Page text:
Immunology Notes is a fascinating introduction to immunology suitable for the
sophisticated general reader, students and physicians who want a refresher
course in the practical application of immunological concepts. The book is
available as a PDF file for download.
In his Preface, Dr. Gislason states:
This is my notebook that contains an outline of a subject that grows in
complexity everyday. Immunology in the broadest sense is the study of immune
defenses in all animals that provides insights into the evolution of defense
procedures, signaling and memory systems. There is a theoretic immunology that
recognizes the complexity of immune networks that tend to create order out of
chaos. I use the concept of networks to replace the misleading description
I emphasize a dynamic model of immune networks with mobile cell populations
and evanescent events that are continuously evolving. Immune cell populations
move through boundaries that open and close. As immune networks become more
active, the migrations become more hectic and the boundaries become less secure;
events tend become turbulent or chaotic. Patients report the events that occur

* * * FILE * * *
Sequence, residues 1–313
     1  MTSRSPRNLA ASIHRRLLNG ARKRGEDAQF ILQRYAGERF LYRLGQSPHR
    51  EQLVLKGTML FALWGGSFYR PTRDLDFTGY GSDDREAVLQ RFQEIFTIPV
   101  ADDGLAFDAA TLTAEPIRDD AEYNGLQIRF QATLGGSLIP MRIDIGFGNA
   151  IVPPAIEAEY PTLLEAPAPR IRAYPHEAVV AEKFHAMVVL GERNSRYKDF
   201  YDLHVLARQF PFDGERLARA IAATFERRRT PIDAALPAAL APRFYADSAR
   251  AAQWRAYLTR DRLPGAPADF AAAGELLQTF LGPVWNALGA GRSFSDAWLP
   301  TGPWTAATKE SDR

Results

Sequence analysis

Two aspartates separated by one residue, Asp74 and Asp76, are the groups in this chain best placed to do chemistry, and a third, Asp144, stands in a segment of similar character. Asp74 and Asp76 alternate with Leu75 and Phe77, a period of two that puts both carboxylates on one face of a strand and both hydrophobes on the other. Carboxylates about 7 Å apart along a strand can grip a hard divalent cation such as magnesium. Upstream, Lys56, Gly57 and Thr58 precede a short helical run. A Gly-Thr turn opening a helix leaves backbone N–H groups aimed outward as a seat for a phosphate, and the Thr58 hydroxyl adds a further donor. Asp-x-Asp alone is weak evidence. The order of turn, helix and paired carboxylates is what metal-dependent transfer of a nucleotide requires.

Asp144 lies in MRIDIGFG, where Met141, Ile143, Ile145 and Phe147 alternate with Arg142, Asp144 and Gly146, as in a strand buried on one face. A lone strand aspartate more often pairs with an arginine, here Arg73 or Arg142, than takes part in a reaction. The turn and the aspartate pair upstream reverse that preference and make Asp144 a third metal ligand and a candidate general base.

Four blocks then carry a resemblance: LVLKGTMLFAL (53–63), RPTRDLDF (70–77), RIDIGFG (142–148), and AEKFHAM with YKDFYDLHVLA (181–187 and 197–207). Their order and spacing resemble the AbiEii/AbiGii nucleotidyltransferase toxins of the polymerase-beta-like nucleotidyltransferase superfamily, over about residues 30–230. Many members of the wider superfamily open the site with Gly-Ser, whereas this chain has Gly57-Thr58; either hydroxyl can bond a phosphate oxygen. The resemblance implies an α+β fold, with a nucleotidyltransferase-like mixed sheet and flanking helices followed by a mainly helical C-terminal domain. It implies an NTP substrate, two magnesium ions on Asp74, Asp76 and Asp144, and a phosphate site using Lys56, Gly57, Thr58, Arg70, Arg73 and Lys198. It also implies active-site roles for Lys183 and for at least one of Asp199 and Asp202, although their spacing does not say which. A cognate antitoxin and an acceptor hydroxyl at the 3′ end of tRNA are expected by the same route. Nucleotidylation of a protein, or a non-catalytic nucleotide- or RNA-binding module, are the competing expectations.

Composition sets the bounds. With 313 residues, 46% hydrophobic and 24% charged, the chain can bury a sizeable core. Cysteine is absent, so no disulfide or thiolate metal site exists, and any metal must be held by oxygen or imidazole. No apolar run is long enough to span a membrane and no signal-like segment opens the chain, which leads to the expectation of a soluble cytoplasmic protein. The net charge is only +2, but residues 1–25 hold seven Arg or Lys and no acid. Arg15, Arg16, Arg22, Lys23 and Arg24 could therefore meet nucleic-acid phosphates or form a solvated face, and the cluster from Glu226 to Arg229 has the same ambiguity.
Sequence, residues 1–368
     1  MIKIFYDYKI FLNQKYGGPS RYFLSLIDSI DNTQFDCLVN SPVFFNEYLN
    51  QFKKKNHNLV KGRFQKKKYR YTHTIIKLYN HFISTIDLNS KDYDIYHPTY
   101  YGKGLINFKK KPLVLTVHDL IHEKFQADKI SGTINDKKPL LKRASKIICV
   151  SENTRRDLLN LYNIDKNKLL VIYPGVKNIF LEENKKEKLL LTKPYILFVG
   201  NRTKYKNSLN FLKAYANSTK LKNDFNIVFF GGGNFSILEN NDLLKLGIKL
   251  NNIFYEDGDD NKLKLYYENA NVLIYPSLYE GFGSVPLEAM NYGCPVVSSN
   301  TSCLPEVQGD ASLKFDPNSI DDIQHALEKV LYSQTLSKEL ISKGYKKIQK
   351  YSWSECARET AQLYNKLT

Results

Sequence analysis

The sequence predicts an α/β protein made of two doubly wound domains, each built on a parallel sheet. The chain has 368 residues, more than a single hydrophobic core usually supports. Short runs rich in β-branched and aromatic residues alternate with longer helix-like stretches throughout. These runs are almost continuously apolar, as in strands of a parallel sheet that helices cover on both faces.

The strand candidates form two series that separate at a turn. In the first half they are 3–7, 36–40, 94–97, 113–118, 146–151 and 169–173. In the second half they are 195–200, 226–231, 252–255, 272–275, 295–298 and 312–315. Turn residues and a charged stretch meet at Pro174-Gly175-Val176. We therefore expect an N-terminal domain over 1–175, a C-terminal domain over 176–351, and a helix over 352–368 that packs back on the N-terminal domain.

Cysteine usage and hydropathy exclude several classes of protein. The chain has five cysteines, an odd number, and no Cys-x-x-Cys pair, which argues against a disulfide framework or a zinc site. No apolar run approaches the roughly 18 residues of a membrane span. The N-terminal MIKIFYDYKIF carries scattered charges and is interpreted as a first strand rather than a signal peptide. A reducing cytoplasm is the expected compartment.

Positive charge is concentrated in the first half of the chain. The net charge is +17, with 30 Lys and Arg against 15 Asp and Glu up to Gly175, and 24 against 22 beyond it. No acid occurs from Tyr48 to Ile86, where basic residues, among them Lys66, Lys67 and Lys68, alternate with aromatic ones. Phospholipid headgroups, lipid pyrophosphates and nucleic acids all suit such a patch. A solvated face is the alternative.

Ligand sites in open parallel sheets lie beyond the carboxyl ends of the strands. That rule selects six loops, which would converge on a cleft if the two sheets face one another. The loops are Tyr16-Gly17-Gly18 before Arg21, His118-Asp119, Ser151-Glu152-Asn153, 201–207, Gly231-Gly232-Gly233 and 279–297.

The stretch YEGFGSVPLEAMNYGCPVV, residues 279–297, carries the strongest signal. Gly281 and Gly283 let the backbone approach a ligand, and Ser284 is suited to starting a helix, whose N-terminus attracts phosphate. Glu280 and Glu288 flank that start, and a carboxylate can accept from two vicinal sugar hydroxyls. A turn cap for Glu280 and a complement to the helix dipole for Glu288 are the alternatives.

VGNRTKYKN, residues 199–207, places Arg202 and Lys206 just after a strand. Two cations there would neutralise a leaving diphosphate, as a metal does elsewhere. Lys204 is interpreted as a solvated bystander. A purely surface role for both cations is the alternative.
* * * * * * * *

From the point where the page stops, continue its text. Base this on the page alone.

and can tell physicians about progression of immune mediated diseases over time.
I learned some immunology and developed a basic understanding of allergy when
I was a medical student. I learned more about the practical aspects of clinical
allergy practice – skin tests and allergy shots-- when I joined my first medical
practice that included many allergy patients. Years later, I continued to
practice skin-test allergy in my own practice. My interests, views and knowledge
changed in 1981 when I became ill and discovered delayed patterns of food
allergy. Since then I have studied immunology closely and continue to have a
special interest in Food Allergy. I have written a separate book that deal with
this subject in more detail but retains an outline of the concepts and concerns
in this book.
The applications of immunological knowledge in treating disease have
proliferated in the past decade and promise to be an increasingly important part
of future medicine. Antibodies that block cytokines, for example, are now big
business that offers benefits at a high price. While the applications emerge
from solid science and ingenious production techniques, meddling with human
immune networks is a hazardous pastime.
One of the most dramatic demonstrations of the dangers involved in immune
tinkering occurred in six healthy volunteers. They were given an antibody that
targeted CD28 receptors on lymphocytes. They all promptly developed severe
immune-mediated disease with multiple organ failure. The anti-CD28 antibody was
developed as an activating signal… an immune system booster.
In the popular imagination, boosting your immune system is a good idea.
Consumers buy products, exercises, and strange devices hoping to fulfill that
promise. It is fortunate the commonly advertised immune boosting strategies do